But, as Ingmar Hoerr, CEO of CureVac, explained to me, this just highlighted the need to “dramatically improve” the formulation of the vaccines, something the company has been working on for almost 10 years. Now, it’s ready to start testing a second generation of products, and Hoerr is optimistic of its potential.
“Compared to ordinary vaccines, mRNA is very stable you can store it at room temperature,” he explains. Which is a big deal considering that keeping the cold chain when delivering vaccines, especially to underdeveloped countries, is still a big challenge. In addition, the technology could make vaccines as cheap as $1 per shot. “It’s just about timing, it’s not a technical hurdle anymore,” says Hoerr.
Replacing Missing Proteins
Another exciting application of mRNA is to use it as instructions for cells to produce a functional version of a protein that’s faulty or missing. “The power of mRNA technology is that you’re actually able to get the protein to the right place inside of a cell, since it is processed as an endogenous protein would be,” says Gita Dittmar, Head of Corporate Development at Ethris.
Ethris is one of the companies using mRNA to replace faulty or missing proteins, in its case with a focus on respiratory diseases including cystic fibrosis. This approach could unlock therapies against new intracellular targets, especially for large proteins, which are more challenging to deliver. And this is precisely what attracted AstraZeneca to sign a deal with Ethris last month.
There are several other mRNA companies developing similar applications, such as Arcturus and Translate Bio. Though they still haven’t reached human studies, Dittmar sees the success of the most advanced approaches in cancer and vaccines as a win for the whole field, bringing in funds that are needed to eventually take the technology to the patients.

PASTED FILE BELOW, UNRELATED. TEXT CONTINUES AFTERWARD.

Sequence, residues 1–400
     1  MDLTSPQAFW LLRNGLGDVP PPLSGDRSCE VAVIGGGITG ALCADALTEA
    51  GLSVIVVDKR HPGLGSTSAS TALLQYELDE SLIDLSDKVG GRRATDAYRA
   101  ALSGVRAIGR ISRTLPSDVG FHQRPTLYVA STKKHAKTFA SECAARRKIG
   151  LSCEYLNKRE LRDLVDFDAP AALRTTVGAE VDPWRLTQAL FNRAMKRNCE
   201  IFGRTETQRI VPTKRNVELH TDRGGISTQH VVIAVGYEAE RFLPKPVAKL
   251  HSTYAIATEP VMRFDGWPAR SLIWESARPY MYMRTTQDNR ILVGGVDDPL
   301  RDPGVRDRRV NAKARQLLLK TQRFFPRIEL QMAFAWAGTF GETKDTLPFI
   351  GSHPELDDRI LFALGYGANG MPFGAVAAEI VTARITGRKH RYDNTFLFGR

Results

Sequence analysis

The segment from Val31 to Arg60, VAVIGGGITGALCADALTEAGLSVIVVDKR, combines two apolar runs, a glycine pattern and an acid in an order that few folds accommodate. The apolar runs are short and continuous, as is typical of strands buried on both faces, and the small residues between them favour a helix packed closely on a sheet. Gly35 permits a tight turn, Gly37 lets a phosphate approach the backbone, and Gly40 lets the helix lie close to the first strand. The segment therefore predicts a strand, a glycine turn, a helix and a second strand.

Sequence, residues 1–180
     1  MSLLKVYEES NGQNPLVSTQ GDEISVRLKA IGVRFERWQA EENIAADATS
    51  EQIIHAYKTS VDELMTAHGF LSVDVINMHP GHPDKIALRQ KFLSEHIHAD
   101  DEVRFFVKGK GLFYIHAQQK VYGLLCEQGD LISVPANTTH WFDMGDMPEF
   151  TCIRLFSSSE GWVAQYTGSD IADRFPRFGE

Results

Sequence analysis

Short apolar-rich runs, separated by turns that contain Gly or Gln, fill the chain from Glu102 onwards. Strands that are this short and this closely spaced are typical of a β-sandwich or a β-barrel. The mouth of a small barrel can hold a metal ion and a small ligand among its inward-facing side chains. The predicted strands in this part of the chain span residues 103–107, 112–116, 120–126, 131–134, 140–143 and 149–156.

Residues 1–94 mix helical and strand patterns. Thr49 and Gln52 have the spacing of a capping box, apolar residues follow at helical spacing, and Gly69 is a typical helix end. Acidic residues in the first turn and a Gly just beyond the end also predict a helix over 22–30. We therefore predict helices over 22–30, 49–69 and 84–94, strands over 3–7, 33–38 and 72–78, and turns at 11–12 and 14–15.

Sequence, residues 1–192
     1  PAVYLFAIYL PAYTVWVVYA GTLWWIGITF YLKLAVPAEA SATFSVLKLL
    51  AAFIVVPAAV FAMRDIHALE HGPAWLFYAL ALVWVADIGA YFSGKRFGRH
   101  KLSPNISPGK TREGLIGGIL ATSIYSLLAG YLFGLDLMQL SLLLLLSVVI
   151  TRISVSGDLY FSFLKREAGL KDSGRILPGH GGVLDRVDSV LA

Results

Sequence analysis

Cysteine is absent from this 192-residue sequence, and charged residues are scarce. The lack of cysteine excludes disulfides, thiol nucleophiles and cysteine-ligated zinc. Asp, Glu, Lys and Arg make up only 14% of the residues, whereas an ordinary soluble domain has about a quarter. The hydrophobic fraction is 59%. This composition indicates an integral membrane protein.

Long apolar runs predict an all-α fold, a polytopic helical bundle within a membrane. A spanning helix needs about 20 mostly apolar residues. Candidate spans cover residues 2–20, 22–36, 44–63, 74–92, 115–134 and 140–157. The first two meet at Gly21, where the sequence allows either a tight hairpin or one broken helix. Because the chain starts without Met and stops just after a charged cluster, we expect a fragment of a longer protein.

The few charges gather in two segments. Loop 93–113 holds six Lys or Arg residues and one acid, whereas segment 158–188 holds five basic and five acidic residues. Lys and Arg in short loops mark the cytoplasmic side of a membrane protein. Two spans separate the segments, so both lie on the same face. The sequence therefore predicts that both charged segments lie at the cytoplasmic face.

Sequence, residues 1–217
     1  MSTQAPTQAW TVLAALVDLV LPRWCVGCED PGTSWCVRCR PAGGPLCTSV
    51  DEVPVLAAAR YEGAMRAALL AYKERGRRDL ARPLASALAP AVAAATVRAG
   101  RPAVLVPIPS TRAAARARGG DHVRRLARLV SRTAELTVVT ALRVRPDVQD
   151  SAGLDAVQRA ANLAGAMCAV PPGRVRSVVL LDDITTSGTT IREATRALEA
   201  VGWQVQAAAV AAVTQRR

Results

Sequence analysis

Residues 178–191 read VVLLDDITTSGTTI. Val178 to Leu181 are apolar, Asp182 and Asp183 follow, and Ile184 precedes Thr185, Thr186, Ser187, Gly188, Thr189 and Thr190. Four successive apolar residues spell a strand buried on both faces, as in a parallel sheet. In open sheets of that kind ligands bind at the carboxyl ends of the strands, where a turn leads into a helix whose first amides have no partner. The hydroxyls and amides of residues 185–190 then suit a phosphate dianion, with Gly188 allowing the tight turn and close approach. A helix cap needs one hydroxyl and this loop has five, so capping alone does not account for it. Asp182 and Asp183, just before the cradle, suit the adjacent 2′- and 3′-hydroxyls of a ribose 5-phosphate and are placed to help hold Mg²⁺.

With a broad pipeline and rapid advances in research, the future might soon bring a stream of brand new RNA-based therapeutics, starting with RNAi. “Some investors don’t realize there’s still no drugs in the market,” comments Laura Roca-Alonso of Silence Therapeutics. “It is certainly a new field, but it’s quite de-risked in the sense that there’s a lot of clinical data.”
Alnylam’s President Barry Greene believes the possible approval of patisiran next year would be “a landmark in the field” and the first step to raise awareness of the potential of RNAi and increase investment.
In fact, seeing these companies close to the finish line seems to be building up the hope of big pharma again, with Amgen stepping up last year to offer Arrowhead Pharmaceuticals a deal on RNAi for heart disease, and Merck going back to the RNA field with the acquisition of the German Rigontec for its cancer immunotherapy this month.
In the case of mRNA, investor interest doesn’t seem to be a problem, at least for some. US-based Moderna Therapeutics, which is dabbling in almost all possible mRNA indications, has managed to raise over $1.9Bn (€1.6Bn) and reach a valuation of $5Bn (€4.3Bn) even before data from its first clinical trial was released in April.